We are well into the local fair season with the Maryland State Fair already behind us and the Anne Arundel County Fair starting today and continuing through the weekend. Also, the Maryland Renaissance Festival has been underway for several weeks with several more to go before it closes up shop. These are all terrific family events that appeal to a wide range of ages and showcase tons of local hobbyists and craftsmen.
The Maryland Renaissance Festival is the second largest of its kind in the United States, and has a national reputation as one of the best in the country. I don't know who has the number one spot (Texas and Minnesota both make big claims), but if you've never been, you will be amazed at the size and scope of this operation. It's the size of a small Renaissance village, a full 25 acres, and there is no end to the shopping, food, and entertainment. It runs weekends from the end of August through the middle of October, so you'll have ample opportunity to visit.
I first attended the Renaissance Festival when I was just out of college, working my first real job, and dating my future husband. Us 20-somethings would go for the day and frankly spend a big part of it camped out at the onsite pubs. This was in the late 80s/early 90s, and even then, it was a pretty good sized festival, and a really good time. Many of the acts have returned year after year. We always make a point to see Johnny Fox, the sword swallower, juggler, magician and seasoned showman, in his cute little leather shorts (don't worry, he wears tights underneath...).
|Cool Renfest Facepaint, |
Bad 80s hair and jewelry...
Over the years, Johnny has grayed, as have we, and the focus has shifted for us from the pubs to the kid and family-friendly activities (we still enjoy a beer or two and the oyster shooters at Middleton's). The jousting is always entertaining, and there are games, shows, and activities for kids of all ages. I could honestly spend the whole day just people watching. It's a riot to see all the folks in costume - everything from Renaissance finery and peasantry to a spattering of Conan the Barbarian and Fairytopia. Some of these are VERY elaborate, and many Renaissance Fair groupies take the whole atmosphere to the extreme. Several weddings are even hosted at the fair each year.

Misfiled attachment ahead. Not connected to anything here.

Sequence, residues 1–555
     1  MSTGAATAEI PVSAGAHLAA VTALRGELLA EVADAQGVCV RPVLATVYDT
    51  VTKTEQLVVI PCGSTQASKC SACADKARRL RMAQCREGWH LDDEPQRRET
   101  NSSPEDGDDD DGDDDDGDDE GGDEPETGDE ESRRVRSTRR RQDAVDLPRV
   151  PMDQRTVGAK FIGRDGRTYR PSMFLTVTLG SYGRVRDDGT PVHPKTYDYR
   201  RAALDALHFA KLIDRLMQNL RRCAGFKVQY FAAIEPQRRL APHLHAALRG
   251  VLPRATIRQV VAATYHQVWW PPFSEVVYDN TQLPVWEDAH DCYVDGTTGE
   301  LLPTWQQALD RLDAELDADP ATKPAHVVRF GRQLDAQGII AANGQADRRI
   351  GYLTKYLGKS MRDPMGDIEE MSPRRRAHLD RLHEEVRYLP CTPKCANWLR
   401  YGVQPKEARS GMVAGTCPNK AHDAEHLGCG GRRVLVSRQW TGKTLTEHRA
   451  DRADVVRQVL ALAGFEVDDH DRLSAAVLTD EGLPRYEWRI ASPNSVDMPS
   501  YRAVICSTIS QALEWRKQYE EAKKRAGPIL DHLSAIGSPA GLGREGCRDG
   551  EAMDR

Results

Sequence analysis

My daughter's birthday falls in October, and last year I took a group of her 12-year old friends to the Festival for the afternoon to celebrate. They painted their faces and dressed up in a variety of costumes here at the house before we left. Once there, I tailed along behind and let them make their way around the place. Despite weather that was not ideal, they had a wonderful time browsing the shops and entertainment. We may have to make it an annual birthday outing.
As for the Anne Arundel County Fair, I haven't been since my kids were in pre-school, but it also is a great chance to get outside with the family and check out what our local farmers and craftsmen are producing. In addition, there are hayrides, tractor pulls, tug of wars, pie and watermelon eating contests, local bands, and carnival games and rides. All the standard county fair hoopla.
I've been meaning to get back there, but it always sneaks up on me. It was a regular fall outing in the preschool years. One year we went, it was the week after the September 11th attacks. We tried our best to put on a brave face and enjoy an all-American outing, but it was almost too tall an order for a shaken group of parents and teachers. The following year was much easier to enjoy. The kids had a blast.
Both of these fairs are great options for this weekend, but since you have more chances at the Renaissance Festival in weeks to come, you might want to take the opportunity to hit the County Fair. Again, it starts today and runs through Sunday at the County Fairgrounds in Crownsville. Admission is free for certain times of day, and cheap for the rest. You can find hours and a schedule of events at:
Anne Arundel County Fair
The Renaissance Festival is not quite as cheap, but well worth the price of admission. It is open weekends through October 24th, rain or shine, also in Crownsville. If you want to dress up but don't have a costume, you can rent one inside the gates or buy them at several of the shops. All you need is a Robin Hood cap or flower garland to get in the spirit. (I know Robin Hood is not a Renaissance character, but again, pretty much anything goes!) Details can be found at:
Maryland Renaissance Festival